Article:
FoodTech: Feeding the 8 Billion
Innovation Disrupting the Food Industry and Beyond
Fuelled by advancements in technology, the importance and scope of FoodTech is growing. Over the course of this year, FoodTech expos like the Future Food Tech Summit will be held across the globe in Mexico City, New York, San Francisco and London. Providing sustainable food has long been a concern of governments and research teams. As the world’s population is set to reach a staggering 8 billion by 2024, this task has become all the more important. From gene editing to 3D printed pizza, tech is already disrupting the food industry. The rise of FoodTech has led food administrators to re-evaluate the way they handle edible products. In January, the U.S. Food and Drug Administration (FDA) proposed a set of new guidelines for genetically modified and laboratory grown food. How will this impact the production and manufacture of what we eat, and how have regulators responded to disruption in such a vital industry?
Technology and innovation in the food industry
Food and technology isn’t a new idea. For example, the debate over genetically modified (GM) crops has raged on for years. But with innovative new tech comes a whole range of disruptive developments. Now, it’s not just the genes of plants that are being edited. Using CRISPR, scientists have created hornless cows which are easier to farm. Some innovative companies are completely foregoing traditional farming. Memphis Meats, for instance, grows chicken from cultured animal cells in order to remove the breeding, feeding and eventual slaughter of animals. Their proteins will go on sale in 2021. This ‘lab meat’ is an especially grey area for administrators because it’s debatable as to whether it’s ‘real’ or not. Even less controversial developments like 3D printed meals and robot chefs are changing the way we think about food. A combination of these techniques could have the potential to turn food production into a sustainable, environmentally friendly, on demand service. It’s clear that technology has removed some of the traditional obstacles to food production, but it’s also making it difficult to keep track of food management. The FDA has suggested that approval should be given for each alteration to an animal’s genome. This might seem pedantic, but considering the continuing discussion over GM crops, there’s a need to meticulously test new products to make sure they’re suitable for the consumer market. That’s why the FDA is proposing tighter regulations – to reassure the public that innovative food practises are safe, whilst ensuring that they actually are.
The impact of FoodTech regulations
Nobody likes rules, especially when they seem to have a negative impact. The regulations forwarded by the FDA have been criticised as making it harder for smaller organisations to continue their research, whilst advancing larger, private companies with greater access to resources. However, even bigger firms will be disrupted by a loss of control over what they can and can’t do. Despite this, regulators have a necessary role to play in managing FoodTech. Even the term itself doesn’t have a clear definition, which sums up just how much work there is to be done. Then there’s the simple fact that people deserve information about the food that they eat. If GM and lab grown products aren’t properly tracked, we could be eating them without even knowing. Although the dominance of fast food chains and convenience food remains, there’s a clear trend emerging that favours ethical and nutritious foods. If a product doesn’t meet these requirements, it will be far harder to use tech to feed the 8 billion. The grey areas within FoodTech have caused debate over which governing body should be responsible for certain products. There will also be implications on a societal level. Will vegetarians and vegans be able to eat lab meat? Will people reject ‘fake food’ and opt for locally grown produce instead? The answers to these questions will determine the success of innovative food, but there’s no way of knowing until regulations are put in place.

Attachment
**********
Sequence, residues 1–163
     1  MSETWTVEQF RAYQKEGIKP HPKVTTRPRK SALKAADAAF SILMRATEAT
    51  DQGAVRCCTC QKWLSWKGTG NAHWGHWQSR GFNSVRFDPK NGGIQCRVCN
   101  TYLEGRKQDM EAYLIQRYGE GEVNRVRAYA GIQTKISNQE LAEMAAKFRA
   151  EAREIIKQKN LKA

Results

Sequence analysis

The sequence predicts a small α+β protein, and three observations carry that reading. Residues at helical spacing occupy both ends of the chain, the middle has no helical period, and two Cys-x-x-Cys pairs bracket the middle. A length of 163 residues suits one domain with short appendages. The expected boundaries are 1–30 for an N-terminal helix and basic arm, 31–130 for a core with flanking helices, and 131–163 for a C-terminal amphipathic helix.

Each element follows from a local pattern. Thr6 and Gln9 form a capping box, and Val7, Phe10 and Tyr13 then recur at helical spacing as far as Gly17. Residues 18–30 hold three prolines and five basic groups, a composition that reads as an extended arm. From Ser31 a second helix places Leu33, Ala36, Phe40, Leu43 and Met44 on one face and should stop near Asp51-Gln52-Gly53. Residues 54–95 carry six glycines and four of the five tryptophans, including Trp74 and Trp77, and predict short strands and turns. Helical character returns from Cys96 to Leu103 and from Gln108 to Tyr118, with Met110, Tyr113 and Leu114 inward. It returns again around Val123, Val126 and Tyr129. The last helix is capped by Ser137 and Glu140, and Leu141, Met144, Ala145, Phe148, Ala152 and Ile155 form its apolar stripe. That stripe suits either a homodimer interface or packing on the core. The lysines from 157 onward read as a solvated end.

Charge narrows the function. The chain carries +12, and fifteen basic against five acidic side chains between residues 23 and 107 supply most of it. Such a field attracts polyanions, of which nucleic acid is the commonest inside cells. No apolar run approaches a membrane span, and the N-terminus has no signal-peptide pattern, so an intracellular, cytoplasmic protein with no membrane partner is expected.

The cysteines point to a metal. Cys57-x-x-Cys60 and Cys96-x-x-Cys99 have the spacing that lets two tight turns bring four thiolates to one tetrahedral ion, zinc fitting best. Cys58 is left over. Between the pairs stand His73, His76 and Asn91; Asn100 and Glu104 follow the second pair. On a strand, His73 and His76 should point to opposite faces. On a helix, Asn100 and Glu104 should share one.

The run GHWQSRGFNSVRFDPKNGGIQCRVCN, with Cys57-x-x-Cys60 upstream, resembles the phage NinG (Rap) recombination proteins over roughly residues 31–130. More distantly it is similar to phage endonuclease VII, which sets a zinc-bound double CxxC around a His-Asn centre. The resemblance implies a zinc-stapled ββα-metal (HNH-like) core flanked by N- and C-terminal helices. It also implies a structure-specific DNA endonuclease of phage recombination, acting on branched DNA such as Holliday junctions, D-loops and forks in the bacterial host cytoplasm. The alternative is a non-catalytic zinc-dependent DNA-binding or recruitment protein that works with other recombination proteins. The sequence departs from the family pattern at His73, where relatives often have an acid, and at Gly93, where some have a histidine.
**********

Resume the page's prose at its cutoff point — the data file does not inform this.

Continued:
Regulations might not always be popular, but they’re necessary. When it comes to the food industry, ensuring that products meet certain requirements is especially important. Future considerations include convincing consumers to adopt FoodTech – marketers are going to need a more appealing term than ‘lab meat’, for example. There’s an employment angle, too. Automation in food production is going to threaten even more jobs. Businesses in the industry now have to make the choice between pursuing new methods or trusting traditional processes. Ultimately, regulations may appear to present an obstacle to technological advancement in the production and distribution of innovative edibles, but adoption simply can’t happen without clear guidelines. It’s still uncertain as to what rules will be set out, and when they will take effect. None-the-less, regulatory agencies and all stakeholders in the food industry need to recognise and prepare for mass disruption.
Could FoodTech alleviate world hunger? Will tighter regulations help or debilitate the adoption of innovative food production? How will society react to food created in laboratories? Share your thoughts and opinions.